The Rhythm Section

When ‘Lisa’ is called to the front bedroom of a London brothel, her client tells her he only wants to talk. Proctor (Raza Jaffrey) knows the drug addicted prostitute is really former Oxford student Stephanie Patrick (Blake Lively), drowning herself in grief since her entire family was killed in the terrorist bombing of a transatlantic flight. Procter is an independent journalist who tells her he’s determined the identity of the bomb maker. Once she realizes she can trust him, though, Stephanie’s thirst for revenge spooks Reza (Tawfeek Barhom) and gets Procter killed. Following a lead from Procter’s files, Stephanie makes her way to the Scottish Highlands where former M16 agent Ian Boyd (Jude Law) gives her proper training in “The Rhythm Section.”

Laura's Review: C+

Director Reed Morano ("Meadowland") gussies up her material with edgy visuals and pop songs,
star Lively disappearing into her role with an English accent, multiple disguises and bruisingly realistic hand-to-hand combat, but there is no mistaking the preposterousness of screenwriter (and book series author) Mark Burnell’s airport novel thrill ride. It’s an entertaining diversion, but the commitment provided the production far outweighs its content.

Stephanie procures a gun from a known pawn broker and easily tracks Reza in the cafeteria of his engineering college, but cannot bring herself to shoot once she’s gained proximity. She returns to Procter’s ransacked apartment, the man lying in a pool of blood. Finding a photograph of a Scottish Loch with geographic coordinates, she sets off (we have no idea what she expects to find here nor any idea if she does). Finding a remote cabin, she’s jumped by the dour Boyd who clearly thinks her absurd. The next thing we know, he’s teaching her how to shoot (‘your heart is the drums, your breathing the bass’), forcing her to swim the length of the loch, forcing her off the road and attacking her over tea. Apparently now she’s ready to take on shadow terrorists and ex-CIA mercenaries and heads to Tangiers using the alias Petra Reuter, a ruthless assassin Boyd got booted from the CIA for killing (grief again, also the subject of Morano's first film, "Meadowland").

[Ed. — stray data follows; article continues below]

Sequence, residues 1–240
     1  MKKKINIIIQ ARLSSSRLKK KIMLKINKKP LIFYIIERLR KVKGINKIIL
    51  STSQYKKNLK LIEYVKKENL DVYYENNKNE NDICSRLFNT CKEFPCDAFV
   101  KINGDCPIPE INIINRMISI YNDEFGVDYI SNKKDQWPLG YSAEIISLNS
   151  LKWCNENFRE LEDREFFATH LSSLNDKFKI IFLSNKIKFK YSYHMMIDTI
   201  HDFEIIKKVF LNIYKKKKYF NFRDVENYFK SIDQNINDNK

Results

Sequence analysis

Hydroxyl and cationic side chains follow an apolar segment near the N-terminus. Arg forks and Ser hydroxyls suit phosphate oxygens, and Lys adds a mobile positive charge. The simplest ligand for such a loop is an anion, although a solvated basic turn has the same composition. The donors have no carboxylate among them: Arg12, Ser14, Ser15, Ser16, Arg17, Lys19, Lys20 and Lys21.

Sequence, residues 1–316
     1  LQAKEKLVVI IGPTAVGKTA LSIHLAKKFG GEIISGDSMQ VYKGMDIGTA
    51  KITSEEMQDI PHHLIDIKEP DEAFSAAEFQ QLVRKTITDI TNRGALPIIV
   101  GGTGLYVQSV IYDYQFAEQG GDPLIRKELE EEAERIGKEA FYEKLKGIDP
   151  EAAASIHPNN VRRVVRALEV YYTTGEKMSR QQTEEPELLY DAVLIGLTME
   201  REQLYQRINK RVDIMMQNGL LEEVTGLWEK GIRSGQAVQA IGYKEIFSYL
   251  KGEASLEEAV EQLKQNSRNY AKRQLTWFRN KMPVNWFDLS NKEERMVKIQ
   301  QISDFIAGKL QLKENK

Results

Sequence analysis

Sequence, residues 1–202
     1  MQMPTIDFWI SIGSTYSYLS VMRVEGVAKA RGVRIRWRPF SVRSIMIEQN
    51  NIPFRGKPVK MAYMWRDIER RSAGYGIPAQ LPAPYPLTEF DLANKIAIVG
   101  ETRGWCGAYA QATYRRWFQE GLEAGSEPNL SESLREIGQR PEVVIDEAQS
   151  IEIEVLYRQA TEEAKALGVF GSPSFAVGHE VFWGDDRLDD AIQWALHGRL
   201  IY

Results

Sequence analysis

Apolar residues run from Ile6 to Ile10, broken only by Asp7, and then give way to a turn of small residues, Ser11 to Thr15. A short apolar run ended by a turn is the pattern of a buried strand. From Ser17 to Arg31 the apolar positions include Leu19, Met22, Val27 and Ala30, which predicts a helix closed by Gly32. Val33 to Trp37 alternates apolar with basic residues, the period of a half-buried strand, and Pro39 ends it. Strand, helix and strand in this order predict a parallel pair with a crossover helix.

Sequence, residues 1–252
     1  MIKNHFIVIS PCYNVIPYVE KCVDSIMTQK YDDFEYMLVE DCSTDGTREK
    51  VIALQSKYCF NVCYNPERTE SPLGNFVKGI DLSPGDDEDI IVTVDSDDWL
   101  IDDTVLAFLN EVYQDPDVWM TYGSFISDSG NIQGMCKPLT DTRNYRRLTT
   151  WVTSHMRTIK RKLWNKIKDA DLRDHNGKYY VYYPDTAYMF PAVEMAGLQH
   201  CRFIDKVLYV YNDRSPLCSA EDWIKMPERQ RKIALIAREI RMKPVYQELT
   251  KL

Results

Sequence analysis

Lively is no ‘Atomic Blonde,’ getting beaten and bruised in rough and tumble combat. She meets a man (Sterling K. Brown) who has info leading to ‘U17,’ the terrorist behind the plot which orphaned her, but who trades information for a contract hit on billionaire Leon Giler (Max Casella) in New York City. She also must self-finance, accomplished by traveling to the home of Suleman and Alia Kaif (Nasser Memarzia and Amira Ghazalla), the parents of the man targeted in the attack (her parents, brother and sister, along with hundreds of others, were ‘collateral damage’).

Morano stages a compelling and chaotic chase scene in the streets of Tangiers, one foreshadowed by Boyd’s highland bumper bumping, and a tense rough-and-tumble climactic
showdown with Reza. Lively’s all in, once again proving herself capable of elevating undercooked material. “The Rhythm Section” is the type of movie you know is ludicrous while being eminently watchable.